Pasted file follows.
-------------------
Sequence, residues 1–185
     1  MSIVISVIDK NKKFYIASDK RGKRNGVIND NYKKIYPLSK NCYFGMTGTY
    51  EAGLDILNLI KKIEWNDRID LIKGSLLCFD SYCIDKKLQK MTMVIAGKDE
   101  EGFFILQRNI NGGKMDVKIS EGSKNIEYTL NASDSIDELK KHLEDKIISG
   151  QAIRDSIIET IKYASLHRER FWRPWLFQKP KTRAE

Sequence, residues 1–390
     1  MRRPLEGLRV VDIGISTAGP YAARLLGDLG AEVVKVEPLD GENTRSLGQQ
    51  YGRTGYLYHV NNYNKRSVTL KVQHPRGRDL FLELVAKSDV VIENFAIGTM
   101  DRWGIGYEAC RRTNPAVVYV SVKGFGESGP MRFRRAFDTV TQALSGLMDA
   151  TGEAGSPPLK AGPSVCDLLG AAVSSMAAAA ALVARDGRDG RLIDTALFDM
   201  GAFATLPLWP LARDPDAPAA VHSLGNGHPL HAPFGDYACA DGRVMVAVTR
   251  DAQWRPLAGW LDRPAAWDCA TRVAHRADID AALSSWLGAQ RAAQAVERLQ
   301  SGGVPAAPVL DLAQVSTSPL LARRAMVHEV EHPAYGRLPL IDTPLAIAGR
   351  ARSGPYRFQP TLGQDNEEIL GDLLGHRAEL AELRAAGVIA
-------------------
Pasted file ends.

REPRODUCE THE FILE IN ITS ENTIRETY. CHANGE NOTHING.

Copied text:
Sequence, residues 1–185
     1  MSIVISVIDK NKKFYIASDK RGKRNGVIND NYKKIYPLSK NCYFGMTGTY
    51  EAGLDILNLI KKIEWNDRID LIKGSLLCFD SYCIDKKLQK MTMVIAGKDE
   101  EGFFILQRNI NGGKMDVKIS EGSKNIEYTL NASDSIDELK KHLEDKIISG
   151  QAIRDSIIET IKYASLHRER FWRPWLFQKP KTRAE

Sequence, residues 1–390
     1  MRRPLEGLRV VDIGISTAGP YAARLLGDLG AEVVKVEPLD GENTRSLGQQ
    51  YGRTGYLYHV NNYNKRSVTL KVQHPRGRDL FLELVAKSDV VIENFAIGTM
   101  DRWGIGYEAC RRTNPAVVYV SVKGFGESGP MRFRRAFDTV TQALSGLMDA
   151  TGEAGSPPLK AGPSVCDLLG AAVSSMAAAA ALVARDGRDG RLIDTALFDM
   201  GAFATLPLWP LARDPDAPAA VHSLGNGHPL HAPFGDYACA DGRVMVAVTR
   251  DAQWRPLAGW LDRPAAWDCA TRVAHRADID AALSSWLGAQ RAAQAVERLQ
   301  SGGVPAAPVL DLAQVSTSPL LARRAMVHEV EHPAYGRLPL IDTPLAIAGR
   351  ARSGPYRFQP TLGQDNEEIL GDLLGHRAEL AELRAAGVIA